They Don’t Make Them Like That Any More and They Probably Don’t Exist Either

If the headline had been a bit shorter this would almost count as a micropost.

1989 Ford Sierra GLS 4x4: Autocar
1989 Ford Sierra GLS 4×4: Autocar

Not only did Ford make a 4×4 Sierra in XR trim, they also sold it in a calmer and cheaper GLS format. This is a 2.9 litre V6 four-wheel drive family car. I didn’t find any for sale so those few Ford sold are now all rust or converted to XR fakes. Off the top of my head, the combination of six-cylinder power and four-wheel drive didn’t appear on many other contemporary saloons apart from the Scorpio and the ’86-’93 BMW 325iX. The Vectra had a 2.0 turbo.  That’s it then, for competitors, as far as I can see.

And Ford produced an interesting proposition. I imagine the Sierra could keep up with Land Rovers with little effort, so long as the LR didn’t drive onto a mountain, that is.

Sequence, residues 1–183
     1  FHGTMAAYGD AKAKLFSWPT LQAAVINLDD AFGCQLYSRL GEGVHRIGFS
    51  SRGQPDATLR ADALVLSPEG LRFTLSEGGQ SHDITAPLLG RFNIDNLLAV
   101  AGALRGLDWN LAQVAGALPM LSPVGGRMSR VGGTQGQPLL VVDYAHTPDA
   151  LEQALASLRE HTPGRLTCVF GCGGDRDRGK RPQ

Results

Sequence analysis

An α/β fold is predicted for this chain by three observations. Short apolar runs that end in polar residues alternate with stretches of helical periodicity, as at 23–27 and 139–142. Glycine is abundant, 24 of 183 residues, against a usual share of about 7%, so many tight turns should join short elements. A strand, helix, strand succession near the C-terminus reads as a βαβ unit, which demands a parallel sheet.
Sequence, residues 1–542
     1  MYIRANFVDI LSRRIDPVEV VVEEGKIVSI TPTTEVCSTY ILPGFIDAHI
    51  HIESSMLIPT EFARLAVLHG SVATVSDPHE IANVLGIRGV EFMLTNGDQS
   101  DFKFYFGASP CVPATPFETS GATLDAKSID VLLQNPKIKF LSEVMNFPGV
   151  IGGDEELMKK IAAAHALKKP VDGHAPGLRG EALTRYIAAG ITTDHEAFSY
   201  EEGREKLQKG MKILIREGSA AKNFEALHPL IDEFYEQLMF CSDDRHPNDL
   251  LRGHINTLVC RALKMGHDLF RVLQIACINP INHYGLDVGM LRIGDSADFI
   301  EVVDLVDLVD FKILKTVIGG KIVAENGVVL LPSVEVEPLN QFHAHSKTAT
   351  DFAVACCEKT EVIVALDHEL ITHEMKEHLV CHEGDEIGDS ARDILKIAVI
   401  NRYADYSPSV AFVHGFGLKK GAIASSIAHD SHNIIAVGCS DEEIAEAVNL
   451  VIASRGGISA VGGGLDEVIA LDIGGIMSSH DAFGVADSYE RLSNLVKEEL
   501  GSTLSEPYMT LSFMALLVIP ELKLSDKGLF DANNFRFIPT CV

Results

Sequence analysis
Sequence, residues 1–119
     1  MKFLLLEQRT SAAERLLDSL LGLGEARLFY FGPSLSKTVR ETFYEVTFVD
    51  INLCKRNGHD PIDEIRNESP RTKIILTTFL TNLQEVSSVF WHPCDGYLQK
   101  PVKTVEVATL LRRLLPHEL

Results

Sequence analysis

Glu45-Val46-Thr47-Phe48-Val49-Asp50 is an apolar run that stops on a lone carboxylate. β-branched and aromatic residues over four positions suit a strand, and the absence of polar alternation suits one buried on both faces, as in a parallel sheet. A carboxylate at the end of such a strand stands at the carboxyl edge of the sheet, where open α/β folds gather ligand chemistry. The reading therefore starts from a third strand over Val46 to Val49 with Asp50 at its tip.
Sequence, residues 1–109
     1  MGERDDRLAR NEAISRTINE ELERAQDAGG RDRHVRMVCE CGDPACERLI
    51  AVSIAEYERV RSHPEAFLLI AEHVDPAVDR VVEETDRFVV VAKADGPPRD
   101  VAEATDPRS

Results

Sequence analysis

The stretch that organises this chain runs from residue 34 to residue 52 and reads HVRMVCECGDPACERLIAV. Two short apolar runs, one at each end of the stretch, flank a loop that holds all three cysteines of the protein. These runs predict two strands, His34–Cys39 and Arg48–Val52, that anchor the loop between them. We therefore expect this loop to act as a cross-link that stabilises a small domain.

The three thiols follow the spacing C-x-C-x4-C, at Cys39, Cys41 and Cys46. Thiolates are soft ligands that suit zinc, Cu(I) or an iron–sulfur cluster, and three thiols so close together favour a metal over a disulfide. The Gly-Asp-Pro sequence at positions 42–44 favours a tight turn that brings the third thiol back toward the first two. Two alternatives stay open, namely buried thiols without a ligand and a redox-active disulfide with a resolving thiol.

The late 80s witnessed a slew of 4×4 saloons (we have discussed the Mitsubishi Galant here). This is the first time we’ve mentioned the Ford interpretation of the genre. Are there any around? Not as such. I did find a Sierra Ghia 4×4 as a project car. The text which I will reproduce is very Myles Gorfe: “Hi I am selling my project Ford Sierra sapphire 4×4 Ghia 2l dohc 1991. Selling as I no longer have the cash to finish it due to change of plans. I brought the car from a bloke who had it in his drive way for 7 years, said the head gasket had gone but when I took the head off and put it back together I realised the engine was seized. So after a lot of digging I found a engine that was low miles 92k, and this is now in the car. I have also put a new clutch kit and timing chain, given it a Service and a semi rebuild. I have also replaced lots of new parts including, clutch cable, starter motor, prop shaft, battery, plugs and leads. The car starts stops and drives.